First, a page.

From the executive level, President Obama issued Presidential Policy Directive (PPD)– 21 and Executive Order (EO) 13636: Improving Critical Infrastructure Cybersecurity, emphasizing the need for holistic thinking about critical infrastructure security and risk management. Those directives and executive orders will drive action towards critical infrastructure systems—including healthcare—to improve their network security. Additionally, those policies will help promote and incentivize the adoption of cyber security practices, increase cyber threat information sharing, evaluate and mature public-private partnerships, and understand the cascading consequences of infrastructure failures. With the release of PPD-21 and EO 13636 and the subsequent operationalization of these policies, Federal agencies responsible for NHSS, PHEP, and HPP should prioritize improving security of healthcare information systems, strengthening of public-private partnerships vital to healthcare cyber security and resiliency, and adopting standards and frameworks for information sharing and security within the revisions of guidance doctrine.

Moving forward, public health and healthcare partners need not wait for revisions of federal doctrine or full implementation of PPD-21 and EO 13636 to begin improving the security of healthcare facilities. Communities can improve cyber security by opening a dialogue with the key local public-private stakeholders to improve partnerships and information sharing. Healthcare facilities can coordinate across sectors to engage technology experts to further improve system security and ensure the protection of their data and systems. Lastly, the healthcare sector can raise employee awareness of cyber threat by implementing digital hygiene training – meant to create a common understanding of how to keep computer systems safe. By making those first considerations to improve health information sharing and cyber security, healthcare sector operators can begin to reduce the risk and exposure that comes with the adoption of new technologies to improve their service delivery, patient care and resiliency of their communities.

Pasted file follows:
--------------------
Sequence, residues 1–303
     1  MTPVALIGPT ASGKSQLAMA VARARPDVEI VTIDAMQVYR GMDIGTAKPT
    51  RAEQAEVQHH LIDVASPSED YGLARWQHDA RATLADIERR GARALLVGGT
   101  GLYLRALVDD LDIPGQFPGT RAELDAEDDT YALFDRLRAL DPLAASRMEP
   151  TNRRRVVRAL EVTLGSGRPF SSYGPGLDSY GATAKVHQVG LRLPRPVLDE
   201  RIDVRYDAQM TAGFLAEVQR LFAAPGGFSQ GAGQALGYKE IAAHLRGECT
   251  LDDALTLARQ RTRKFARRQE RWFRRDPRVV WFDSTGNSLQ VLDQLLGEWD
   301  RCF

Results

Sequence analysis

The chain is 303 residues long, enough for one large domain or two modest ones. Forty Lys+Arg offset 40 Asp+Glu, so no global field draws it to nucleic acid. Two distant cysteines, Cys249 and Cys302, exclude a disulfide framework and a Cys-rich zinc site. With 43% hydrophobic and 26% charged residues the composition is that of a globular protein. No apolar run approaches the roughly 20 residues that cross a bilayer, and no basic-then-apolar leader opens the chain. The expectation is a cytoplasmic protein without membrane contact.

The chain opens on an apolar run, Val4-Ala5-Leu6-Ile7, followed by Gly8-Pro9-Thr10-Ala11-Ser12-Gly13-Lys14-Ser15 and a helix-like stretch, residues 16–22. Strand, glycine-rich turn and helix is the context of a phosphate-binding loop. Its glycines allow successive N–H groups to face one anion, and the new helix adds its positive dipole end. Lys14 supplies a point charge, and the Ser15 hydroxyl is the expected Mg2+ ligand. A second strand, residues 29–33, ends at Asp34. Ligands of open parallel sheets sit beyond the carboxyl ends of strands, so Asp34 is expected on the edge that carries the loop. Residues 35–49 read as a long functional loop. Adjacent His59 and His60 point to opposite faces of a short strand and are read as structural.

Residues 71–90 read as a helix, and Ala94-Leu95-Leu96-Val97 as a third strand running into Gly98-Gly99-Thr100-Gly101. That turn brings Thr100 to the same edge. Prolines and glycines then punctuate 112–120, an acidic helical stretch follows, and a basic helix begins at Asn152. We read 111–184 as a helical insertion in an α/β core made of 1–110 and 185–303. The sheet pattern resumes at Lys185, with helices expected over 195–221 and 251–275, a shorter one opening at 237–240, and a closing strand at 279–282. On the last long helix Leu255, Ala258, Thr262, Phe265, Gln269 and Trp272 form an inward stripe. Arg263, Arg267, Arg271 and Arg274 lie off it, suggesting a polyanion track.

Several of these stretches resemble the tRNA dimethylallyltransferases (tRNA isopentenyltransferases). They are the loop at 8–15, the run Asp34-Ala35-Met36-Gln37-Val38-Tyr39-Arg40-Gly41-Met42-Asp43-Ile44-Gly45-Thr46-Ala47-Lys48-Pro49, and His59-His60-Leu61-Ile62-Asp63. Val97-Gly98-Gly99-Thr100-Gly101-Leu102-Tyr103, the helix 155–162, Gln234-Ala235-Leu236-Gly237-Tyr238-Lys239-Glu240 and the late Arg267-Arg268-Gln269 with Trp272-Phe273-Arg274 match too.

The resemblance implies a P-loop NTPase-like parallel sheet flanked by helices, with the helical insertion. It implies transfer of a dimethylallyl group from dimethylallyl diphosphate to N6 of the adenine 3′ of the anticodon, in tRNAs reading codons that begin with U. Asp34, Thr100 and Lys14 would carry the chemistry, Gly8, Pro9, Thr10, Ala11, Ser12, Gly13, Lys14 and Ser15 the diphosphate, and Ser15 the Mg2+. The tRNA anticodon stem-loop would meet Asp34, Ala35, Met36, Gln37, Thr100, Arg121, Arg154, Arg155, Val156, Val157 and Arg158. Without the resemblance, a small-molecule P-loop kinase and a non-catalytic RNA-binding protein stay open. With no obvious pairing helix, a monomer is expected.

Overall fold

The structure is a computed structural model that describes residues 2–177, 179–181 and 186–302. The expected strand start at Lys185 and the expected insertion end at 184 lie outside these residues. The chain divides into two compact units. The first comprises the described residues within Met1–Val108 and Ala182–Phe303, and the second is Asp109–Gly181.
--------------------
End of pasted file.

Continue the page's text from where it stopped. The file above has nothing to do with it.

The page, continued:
1. Elliot, R. (2011, December 9). Hospital put under “Total Diversion” after computer virus. WSBTV. Retrieved from: http://www.wsbtv.com/news/news/local/hospital-diverting-trauma-cases-due-computer-probl/nFyYY/
  2. US Army. (2005). Cyber Operations Cyber Operations and Cyber Terrorism. US Army Training and Doctrine Command DCSINT Handbook 1.02. Retrieved from: http://www.dtic.mil/cgi-bin/GetTRDoc?AD=ADA439217
  3. Barnett, D.J., Sell, T., Lord, R.K., Terbush, J., & Burke, T. (2013). Cyber Security Threats to Public Health. World Medical & Health Policy. no. 1 (2013): 37-46. Retrieved from: http://onlinelibrary.wiley.com/doi/10.1002/wmh3.19/abstract
  4. Smith, W. M. (2009). Institute of Medicine Forum on Medical and Public Health Preparedness for Catastrophic Events. Financing Surge Capacity and Preparedness. Retrieved from: http://www.iom.edu/~/media/Files/Activity%20Files/PublicHealth/MedPrep/Jun-10-11-2009-Commissioned%20Papers/Jun-10-11-2009-Commissioned-Paper-Financing-Surge-Capacity-and-Preparedness.pdf
  5. Ponemon Institute. (2012). Third Annual Benchmark Study on Patient Privacy & Data Security. Retrieved from: http://lpa.idexpertscorp.com/acton/attachment/6200/f-0033/1/-/-/-/-/file.pdf

About Justin Snair

Justin serves as a Senior Program Analyst for Critical Infrastructure and Environmental Security at NACCHO. Prior to coming to NACCHO, Justin worked as an environmental health officer for a local heath department in Massachusetts. Twitter: @JustinSnair